The UK government has announced that interchange surcharges on credit card transactions will be banned from January 2018, including those made on American Express credit cards, Paypal and Apple Pay. Charles Wheeldon looks closer
Credit card surcharges range from as little as £0.50 ($0.64) to sometimes as high as 20% of a total transaction, and are a favoured tactic for generating extra revenue, in particular for budget airlines, food delivery apps and ticketing services.
From January 2018, any organisation caught charging customers for card payments will be ordered by authorities to repay the fees and face substantial fines.
Some of the worst offenders currently charging people for using their credit cards are actually government agencies and local councils. Small convenience stores are also notorious for charging a fee for using any type of card for smaller purchases.
Low-cost airlines are particularly fond of applying charges for credit card use, with Ryanair adding 2% and EasyJet 1%. Online travel agents and flight resellers typically charge a fee of around 2%, regardless of the airline being booked. Empire cinemas charge a £0.70 “card-handling fee”, while food delivery app HungryHouse charges £0.50 on credit card transactions.
Local authorities and government agencies also charge fees for credit card use. In London, Hammersmith and Fulham council charges 1.25 %, while Richmond upon Thames charges 1.65%. Other examples include HMRC, which charges between 0.374% and 2.406% for using personal or corporate cards to pay taxes, while the DVLA adds a flat fee of £2.50 to vehicle tax payments that are made by credit card.
While the UK ban complies with a 2015 EU directive, the government is to go further by banning charges for American Express cards and users of services such as Apple Pay and PayPal, which typically apply a higher fee than the likes of Visa and Mastercard.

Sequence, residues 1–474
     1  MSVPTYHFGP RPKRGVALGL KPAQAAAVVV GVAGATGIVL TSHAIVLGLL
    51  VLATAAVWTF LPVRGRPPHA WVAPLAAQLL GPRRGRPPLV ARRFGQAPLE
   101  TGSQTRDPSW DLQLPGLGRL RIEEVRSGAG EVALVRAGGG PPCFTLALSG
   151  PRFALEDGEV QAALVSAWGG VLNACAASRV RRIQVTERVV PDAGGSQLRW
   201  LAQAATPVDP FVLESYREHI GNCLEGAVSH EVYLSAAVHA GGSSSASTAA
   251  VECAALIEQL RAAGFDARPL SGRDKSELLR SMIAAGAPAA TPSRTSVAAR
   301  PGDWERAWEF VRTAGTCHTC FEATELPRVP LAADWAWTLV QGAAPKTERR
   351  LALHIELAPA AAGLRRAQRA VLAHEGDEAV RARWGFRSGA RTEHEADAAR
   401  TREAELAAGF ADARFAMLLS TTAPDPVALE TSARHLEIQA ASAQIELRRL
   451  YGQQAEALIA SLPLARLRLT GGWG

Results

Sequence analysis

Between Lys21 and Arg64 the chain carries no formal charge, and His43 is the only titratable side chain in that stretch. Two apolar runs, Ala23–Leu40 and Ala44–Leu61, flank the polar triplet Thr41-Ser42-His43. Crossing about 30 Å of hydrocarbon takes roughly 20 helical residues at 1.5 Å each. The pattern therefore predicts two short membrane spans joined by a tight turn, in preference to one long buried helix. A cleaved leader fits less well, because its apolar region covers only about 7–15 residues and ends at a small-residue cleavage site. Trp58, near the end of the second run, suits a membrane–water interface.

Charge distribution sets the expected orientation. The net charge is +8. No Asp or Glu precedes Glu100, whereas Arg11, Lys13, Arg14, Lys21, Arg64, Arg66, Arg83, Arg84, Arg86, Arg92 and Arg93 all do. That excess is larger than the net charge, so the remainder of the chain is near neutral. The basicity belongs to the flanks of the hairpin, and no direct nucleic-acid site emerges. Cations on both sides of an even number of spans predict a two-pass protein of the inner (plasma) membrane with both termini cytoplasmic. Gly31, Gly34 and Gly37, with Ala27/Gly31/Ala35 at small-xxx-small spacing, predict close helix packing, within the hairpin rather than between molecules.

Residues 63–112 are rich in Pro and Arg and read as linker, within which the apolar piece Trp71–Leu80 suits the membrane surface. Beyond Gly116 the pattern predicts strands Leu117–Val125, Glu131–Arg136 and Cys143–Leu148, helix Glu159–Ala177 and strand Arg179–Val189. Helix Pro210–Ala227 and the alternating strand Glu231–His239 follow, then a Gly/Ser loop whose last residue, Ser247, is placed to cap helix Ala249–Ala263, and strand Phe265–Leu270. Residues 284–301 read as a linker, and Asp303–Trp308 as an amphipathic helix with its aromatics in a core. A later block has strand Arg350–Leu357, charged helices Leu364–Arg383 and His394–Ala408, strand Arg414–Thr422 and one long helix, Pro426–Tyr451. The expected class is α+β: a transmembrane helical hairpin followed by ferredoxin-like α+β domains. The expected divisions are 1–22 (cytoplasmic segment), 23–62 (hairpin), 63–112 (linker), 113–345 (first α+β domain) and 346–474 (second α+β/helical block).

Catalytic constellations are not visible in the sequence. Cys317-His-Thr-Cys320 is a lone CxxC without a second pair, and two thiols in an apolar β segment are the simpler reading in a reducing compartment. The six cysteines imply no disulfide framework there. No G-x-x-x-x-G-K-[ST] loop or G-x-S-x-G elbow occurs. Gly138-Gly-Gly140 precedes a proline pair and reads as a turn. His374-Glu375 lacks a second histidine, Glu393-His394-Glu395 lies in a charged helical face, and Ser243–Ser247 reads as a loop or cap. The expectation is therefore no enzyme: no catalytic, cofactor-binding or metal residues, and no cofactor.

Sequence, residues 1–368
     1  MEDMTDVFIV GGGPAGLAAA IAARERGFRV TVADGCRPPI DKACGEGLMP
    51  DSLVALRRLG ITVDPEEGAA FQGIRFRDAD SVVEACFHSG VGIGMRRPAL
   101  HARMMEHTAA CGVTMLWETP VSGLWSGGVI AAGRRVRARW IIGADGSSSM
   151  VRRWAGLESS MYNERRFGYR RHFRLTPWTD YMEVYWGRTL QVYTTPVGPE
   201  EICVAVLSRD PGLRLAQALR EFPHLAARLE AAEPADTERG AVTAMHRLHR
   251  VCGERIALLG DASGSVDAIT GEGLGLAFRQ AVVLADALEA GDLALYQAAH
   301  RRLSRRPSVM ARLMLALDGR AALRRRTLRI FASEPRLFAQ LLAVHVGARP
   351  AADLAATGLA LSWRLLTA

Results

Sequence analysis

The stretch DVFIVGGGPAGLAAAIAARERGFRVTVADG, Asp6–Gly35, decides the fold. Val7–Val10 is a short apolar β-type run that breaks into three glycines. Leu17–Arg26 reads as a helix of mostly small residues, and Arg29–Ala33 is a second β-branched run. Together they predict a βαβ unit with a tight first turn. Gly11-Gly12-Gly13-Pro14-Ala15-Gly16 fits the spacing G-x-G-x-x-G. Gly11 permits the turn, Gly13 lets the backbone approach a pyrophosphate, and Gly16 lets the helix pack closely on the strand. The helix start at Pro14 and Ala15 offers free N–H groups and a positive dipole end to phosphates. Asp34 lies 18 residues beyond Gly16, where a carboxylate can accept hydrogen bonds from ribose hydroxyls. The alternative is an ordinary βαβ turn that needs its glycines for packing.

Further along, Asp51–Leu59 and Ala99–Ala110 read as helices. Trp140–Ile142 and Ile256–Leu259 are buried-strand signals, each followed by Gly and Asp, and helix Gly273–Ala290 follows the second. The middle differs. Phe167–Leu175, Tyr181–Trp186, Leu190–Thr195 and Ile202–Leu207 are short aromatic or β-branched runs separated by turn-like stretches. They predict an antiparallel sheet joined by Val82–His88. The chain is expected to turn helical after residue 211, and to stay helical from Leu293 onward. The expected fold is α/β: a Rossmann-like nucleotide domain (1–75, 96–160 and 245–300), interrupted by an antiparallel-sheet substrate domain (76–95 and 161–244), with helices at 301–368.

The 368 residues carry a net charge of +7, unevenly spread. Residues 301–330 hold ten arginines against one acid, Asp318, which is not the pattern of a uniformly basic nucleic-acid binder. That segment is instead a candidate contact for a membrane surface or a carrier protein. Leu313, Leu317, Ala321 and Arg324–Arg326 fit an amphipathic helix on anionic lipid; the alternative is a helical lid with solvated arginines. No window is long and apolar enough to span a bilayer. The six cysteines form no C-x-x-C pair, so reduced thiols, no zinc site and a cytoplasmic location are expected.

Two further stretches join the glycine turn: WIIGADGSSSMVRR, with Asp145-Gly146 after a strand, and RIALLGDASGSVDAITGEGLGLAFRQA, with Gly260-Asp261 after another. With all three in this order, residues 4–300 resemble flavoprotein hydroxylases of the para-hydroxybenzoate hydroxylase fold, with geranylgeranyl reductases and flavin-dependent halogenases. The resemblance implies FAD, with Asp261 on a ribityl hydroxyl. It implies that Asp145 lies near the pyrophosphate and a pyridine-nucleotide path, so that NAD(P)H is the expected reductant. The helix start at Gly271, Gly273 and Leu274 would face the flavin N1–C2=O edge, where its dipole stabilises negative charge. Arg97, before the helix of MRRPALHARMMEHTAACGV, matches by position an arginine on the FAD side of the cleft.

The January ban builds on the 2015 EU directive which capped the interchange fee paid by merchants at no more than 0.3% for credit cards and 0.2% for debit cards.
The EU pointed out at the time that the surcharges, which are only supposed to reflect the cost of processing payments, generated €13bn ($15.2bn) a year across Europe. In the UK the surcharges were estimated to have raised £473m in 2010, according to the latest figures available from the government.
The interchange fee cap is regarded as a win for consumers, due to the unusual nature of the credit card market. As the EU noted when it introduced the cap: “Usually, competition leads to lower prices since companies compete by offering lower prices than their competitors.
“In the case of interchange fees, the opposite occurs. Since issuing banks benefit from interchange fee revenues, card schemes compete for the issuing banks by offering higher interchange fees. These fees are a cost for retailers which increase the price of their products. Interchange fees are therefore, indirectly, paid by consumers.
“Consumers and retailers are often unaware of the level of these fees.
In addition, cardholders are encouraged through rewards offered by their bank to use cards that generate higher fees for the bank. This has consequences for both retailers and consumers,” the EU continued.
“If a retailer refuses commonly used cards, there is a risk that consumers would choose to go to its competitors. Individual retailers tend thus to accept high costs for card payments to keep and grow their sales.
“Retailers recover higher costs due to ever-increasing interchange fees by increasing retail prices. As a result, the prices increase for all consumers, including those who pay cash or use cheaper payment cards, because the higher fees of more expensive cards are spread out and passed on to all.”
A STING IN THE TAIL
Andrew Hagger, consumer finance expert at personal finance consultancy Moneycomms, says: “It is a good move, although long overdue. But there is the downside, as this revenue that companies have been used to getting will disappear, so what do they do? They will likely look to recoup it elsewhere.